As November approaches, it is becoming ever clearer that President Obama’s decision to delay executive action for immigrants is having serious electoral consequences. In no less than three news articles from today, the story from the ground is that immigration reform matters — and Latino voters’ disenchantment with both parties is not helping those who are trying to give Latinos a reason to go to the polls.
After all, a Gallup poll recently found that Obama’s approval numbers among Latinos have seriously dropped, a decline that may “reflect unfulfilled promises that Obama made during the campaign about immigration reform.” Meanwhile, a Pew Research Center survey found that about half of Hispanic Democrats said their party was not doing a good enough job representing their views on immigration, and 4o% said the party was not willing enough to grant legal status for the undocumented.
From today’s clips, check out this Washington Post story from Ed O’Keefe, laying the groundwork for how organizers in key battleground states like Colorado are finding it increasingly harder to register Latinos, thanks to the President’s inaction:
Less than a month after President Obama announced he would delay using his executive authority to reform immigration laws, there is evidence that the decision is doing exactly what he hoped to avoid: hurting Democrats.
Activists in key states say it is increasingly difficult to register would-be Latino voters who would vote for Democrats because of unhappiness over the decision. Poll numbers for Obama and Democrats have also dropped farther among Hispanics than the population at large. One group has even launched a campaign against four Democratic senators who backed a GOP proposal to bar Obama from taking any executive action on immigration.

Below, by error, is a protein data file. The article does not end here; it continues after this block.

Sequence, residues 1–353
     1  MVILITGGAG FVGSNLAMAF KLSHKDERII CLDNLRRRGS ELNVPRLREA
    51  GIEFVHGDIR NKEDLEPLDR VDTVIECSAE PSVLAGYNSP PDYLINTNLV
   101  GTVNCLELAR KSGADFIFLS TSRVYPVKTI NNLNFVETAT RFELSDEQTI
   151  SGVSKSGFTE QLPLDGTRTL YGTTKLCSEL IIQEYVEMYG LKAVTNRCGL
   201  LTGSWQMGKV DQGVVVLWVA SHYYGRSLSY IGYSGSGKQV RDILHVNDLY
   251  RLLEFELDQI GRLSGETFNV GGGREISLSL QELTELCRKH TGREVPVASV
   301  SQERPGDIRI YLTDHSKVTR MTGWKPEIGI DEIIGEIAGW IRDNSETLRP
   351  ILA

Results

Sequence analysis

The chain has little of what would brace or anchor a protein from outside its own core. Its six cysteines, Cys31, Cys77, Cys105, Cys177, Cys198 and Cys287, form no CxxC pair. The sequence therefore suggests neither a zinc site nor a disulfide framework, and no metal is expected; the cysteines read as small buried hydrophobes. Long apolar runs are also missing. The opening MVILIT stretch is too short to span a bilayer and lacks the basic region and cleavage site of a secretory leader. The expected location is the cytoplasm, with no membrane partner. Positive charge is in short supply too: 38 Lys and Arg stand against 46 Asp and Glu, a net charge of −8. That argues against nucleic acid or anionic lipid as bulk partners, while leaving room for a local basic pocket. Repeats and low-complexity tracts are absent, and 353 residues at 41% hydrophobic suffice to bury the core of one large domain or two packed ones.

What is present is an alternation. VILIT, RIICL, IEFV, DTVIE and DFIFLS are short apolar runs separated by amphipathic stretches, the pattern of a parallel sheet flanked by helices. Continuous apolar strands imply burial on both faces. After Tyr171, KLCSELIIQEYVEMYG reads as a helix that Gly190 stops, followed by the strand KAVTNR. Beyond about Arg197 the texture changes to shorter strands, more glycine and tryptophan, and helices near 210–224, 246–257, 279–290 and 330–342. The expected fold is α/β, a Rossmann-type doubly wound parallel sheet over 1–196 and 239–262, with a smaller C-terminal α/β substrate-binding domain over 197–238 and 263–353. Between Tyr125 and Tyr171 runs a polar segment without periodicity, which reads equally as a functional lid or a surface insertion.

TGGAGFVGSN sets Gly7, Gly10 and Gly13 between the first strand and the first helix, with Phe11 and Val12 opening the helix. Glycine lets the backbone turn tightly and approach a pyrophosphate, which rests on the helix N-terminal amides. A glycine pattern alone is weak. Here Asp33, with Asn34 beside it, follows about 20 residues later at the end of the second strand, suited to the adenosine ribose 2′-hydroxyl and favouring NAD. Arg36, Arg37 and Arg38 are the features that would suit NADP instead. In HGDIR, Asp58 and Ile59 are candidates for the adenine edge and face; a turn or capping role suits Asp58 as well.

“The president has not helped us,” said activist Leo Murietta, 28, who is working to register Latino voters in Colorado for Mi Familia Vota. “People are disappointed. They wanted action, they wanted activity, they wanted movement.”
With so many congressional and gubernatorial candidates locked in close races this year, Democrats can’t afford signs of complacency or sagging support. But Murietta and others believe that only action — not promises of action — will help spur increased turnout among Hispanics with just five weeks until Election Day.
A second Washington Post piece from Tina Griego includes profiles of individual organizers who are fed up with the sense that Democrats have been fooling them:
Miriam “Mimi” Madrid’s…is an LGBTQ activist and works as a community organizer. She’s not wired for surrender.
But Madrid is also not the euphoric 20-year old who sailed out of a precinct in Denver, six years ago after casting her first ballot for president of the United States. She is no longer the young woman who believed Obama, as a historic figure with roots in community organizing, would unify a country and hold the Democratic Party accountable to its promises.